When someone comes to your website with an information need, they have two options: they can either use the site’s navigation to get where they need to go, or they can use the search function. We’re going to focus on the latter for this article.
Many of us do dozens or even hundreds of searches per day without even thinking about it: searching for an email, searching for that song on Spotify, figuring out what to make for dinner, looking up a contact on your phone, finding a word on this page.
We just expect search to work—but that’s easier said than done.
One of the tenets of design is to make things simple. When building a search interface, the goal is to make the interface as simple as possible, while ensuring that users can actually find what they’re looking for.
Before we get into specific design tips, let’s take a few seconds to think about how different users might interact with site search.
Information-seeking needs and behaviours
The type of information need a user has and how that user intends to retrieve said information will affect how they interact with a website’s search engine.
There are four main types of information need:
- Exhaustive research: “I need to know everything about this topic”
- Exploratory seeking: “I need to find a few good things”
- Known-item seeking: “I’m looking for this specific thing”
- Refinding: “I need this specific thing again”
When it comes to information-seeking behaviours, we can split searchers into four categories:
- Retrievers know both what they need to find and how to find it. If they’re looking for a specific document on a site, they’ll simply type the document’s title into the search bar and expect it to be the top result.
- Adventurers have a more general idea of their information need and waiting for something to catch their attention
- Wanderers are unable to precisely define their information need
- Explorers know exactly what piece of information they need, but they don’t know where or how to look for it
Every search interface will be used by each of these searchers, so keep them top-of-mind as you design.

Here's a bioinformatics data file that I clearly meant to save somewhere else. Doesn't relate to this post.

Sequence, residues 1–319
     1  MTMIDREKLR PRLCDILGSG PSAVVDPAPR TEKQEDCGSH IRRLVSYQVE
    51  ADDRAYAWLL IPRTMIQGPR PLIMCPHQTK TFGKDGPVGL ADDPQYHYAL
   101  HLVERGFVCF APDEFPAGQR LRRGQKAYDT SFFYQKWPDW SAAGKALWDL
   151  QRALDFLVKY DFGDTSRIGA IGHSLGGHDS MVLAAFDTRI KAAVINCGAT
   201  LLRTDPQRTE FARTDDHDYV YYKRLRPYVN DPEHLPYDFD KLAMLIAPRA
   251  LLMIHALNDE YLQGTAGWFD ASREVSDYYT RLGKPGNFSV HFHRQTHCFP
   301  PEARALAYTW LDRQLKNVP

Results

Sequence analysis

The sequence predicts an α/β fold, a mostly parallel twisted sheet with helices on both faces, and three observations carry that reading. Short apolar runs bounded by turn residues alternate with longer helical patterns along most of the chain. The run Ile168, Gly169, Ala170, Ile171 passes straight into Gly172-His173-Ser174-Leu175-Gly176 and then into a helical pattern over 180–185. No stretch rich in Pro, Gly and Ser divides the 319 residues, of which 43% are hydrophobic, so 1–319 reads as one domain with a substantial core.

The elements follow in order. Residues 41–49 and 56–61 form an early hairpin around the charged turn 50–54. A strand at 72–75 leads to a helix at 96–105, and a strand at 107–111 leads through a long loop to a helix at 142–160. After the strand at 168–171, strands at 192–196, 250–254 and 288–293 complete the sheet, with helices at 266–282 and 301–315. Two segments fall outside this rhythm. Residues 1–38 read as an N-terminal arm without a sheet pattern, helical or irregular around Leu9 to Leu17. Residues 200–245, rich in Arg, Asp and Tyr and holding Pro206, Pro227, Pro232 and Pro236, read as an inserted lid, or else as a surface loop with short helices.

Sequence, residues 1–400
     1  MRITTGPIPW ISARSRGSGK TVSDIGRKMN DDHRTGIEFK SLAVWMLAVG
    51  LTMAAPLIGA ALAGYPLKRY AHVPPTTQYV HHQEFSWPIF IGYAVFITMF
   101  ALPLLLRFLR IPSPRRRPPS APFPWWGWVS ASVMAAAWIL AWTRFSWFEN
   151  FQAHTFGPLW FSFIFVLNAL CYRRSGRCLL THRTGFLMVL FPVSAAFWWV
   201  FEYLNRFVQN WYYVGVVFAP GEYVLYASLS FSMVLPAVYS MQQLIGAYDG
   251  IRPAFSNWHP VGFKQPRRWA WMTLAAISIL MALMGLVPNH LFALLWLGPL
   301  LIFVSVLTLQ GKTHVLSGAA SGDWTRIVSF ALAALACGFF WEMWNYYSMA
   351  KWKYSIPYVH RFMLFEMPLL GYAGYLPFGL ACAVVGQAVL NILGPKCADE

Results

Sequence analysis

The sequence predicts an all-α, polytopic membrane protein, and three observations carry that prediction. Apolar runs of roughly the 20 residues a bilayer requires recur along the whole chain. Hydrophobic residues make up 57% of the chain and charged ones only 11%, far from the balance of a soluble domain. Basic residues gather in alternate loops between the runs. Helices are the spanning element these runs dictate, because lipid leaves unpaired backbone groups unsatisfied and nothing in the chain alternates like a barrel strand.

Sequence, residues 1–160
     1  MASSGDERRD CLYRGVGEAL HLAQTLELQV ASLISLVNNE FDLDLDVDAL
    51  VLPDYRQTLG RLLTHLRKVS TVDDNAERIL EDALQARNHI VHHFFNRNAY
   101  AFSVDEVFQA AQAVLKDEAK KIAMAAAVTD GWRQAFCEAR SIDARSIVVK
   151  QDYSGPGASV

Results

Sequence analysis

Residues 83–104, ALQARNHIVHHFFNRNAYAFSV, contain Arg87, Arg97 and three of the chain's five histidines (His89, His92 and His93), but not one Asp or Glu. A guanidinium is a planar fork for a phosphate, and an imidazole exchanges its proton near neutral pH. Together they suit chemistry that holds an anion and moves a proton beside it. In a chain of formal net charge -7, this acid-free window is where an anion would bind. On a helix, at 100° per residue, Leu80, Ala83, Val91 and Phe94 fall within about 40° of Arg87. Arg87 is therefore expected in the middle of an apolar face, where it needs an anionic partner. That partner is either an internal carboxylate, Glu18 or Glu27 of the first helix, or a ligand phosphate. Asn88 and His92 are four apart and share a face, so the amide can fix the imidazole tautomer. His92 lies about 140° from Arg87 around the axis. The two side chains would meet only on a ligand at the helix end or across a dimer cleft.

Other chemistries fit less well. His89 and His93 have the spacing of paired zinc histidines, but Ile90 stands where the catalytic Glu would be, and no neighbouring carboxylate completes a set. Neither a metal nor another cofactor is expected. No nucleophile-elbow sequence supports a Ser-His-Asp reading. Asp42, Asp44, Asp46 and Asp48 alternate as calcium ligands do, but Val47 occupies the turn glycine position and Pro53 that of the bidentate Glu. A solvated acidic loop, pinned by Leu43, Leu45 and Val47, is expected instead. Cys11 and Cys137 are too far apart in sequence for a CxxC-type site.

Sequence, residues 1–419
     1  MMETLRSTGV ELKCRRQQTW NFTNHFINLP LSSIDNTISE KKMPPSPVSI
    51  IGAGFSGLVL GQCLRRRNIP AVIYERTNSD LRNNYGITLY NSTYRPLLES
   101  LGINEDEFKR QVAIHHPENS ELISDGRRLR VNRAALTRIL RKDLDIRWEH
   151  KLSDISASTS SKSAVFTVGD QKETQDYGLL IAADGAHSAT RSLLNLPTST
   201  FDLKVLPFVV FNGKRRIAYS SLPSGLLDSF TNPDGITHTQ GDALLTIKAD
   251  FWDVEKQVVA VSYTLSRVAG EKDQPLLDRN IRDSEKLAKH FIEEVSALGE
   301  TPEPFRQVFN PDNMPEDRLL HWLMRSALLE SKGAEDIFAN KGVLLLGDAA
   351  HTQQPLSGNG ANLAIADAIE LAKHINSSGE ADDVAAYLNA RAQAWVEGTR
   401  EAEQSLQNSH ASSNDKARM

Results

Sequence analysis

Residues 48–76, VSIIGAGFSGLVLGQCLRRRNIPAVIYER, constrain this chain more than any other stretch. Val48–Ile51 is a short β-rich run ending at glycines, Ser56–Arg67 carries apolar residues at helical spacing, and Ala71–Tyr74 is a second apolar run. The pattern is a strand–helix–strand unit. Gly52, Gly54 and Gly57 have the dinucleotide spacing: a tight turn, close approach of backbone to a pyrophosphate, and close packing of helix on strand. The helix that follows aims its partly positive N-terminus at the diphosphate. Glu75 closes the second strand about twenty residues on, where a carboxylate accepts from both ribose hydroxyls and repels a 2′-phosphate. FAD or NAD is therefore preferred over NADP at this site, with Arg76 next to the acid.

Now, here are some key steps that’ll help you build out a solid search experience for your site.
- Define your user personas
- Map out your users’ search journeys
- Conduct user testing with real-life scenarios
- Scope the search functionality
- Incorporate incentives to search
- Design the results
- Add extra features
- Tweak the boosting
We won’t get into the nitty-gritty details here, as you most likely already know who your personas are (and if not, we’d recommend taking the time to think about this before proceeding).
Personas—who your users are, how they think, what their habits look like—are the first step in most UX processes, and site search design is no different. Well thought out audience research will guide almost every decision you make throughout your search project.
Conduct user journey mapping exercises to gain insights on how a typical user would interact with the search.
Consider your personas and the types of searchers listed above. Who is using your search interface in each of these ways, and how should search fit into the larger user experience?
Be sure to consider these key variables that influence each search operation:
- The user’s level of familiarity and comfort with search interfaces
- The type of searcher (wanderer, explorer, adventurer, retriever) and their information need
- The type of information being searched (content/page type)
- The amount of information that needs to be retrieved
Another thing to keep in mind is the fact that searching isn’t always a straightforward, one-time process. On the contrary, browsing and searching often go hand in hand when a user is trying to fulfill an information need. The Wikipedia page about Cognitive models of information retrieval provides a succinct overview of these types of behaviours, if you’re interested in learning more.
Pick a few real use cases for the search interface and use them throughout the design, development, and QA process. When you conduct user testing, provide your subjects with a scenario-based goal and observe how they go about reaching it.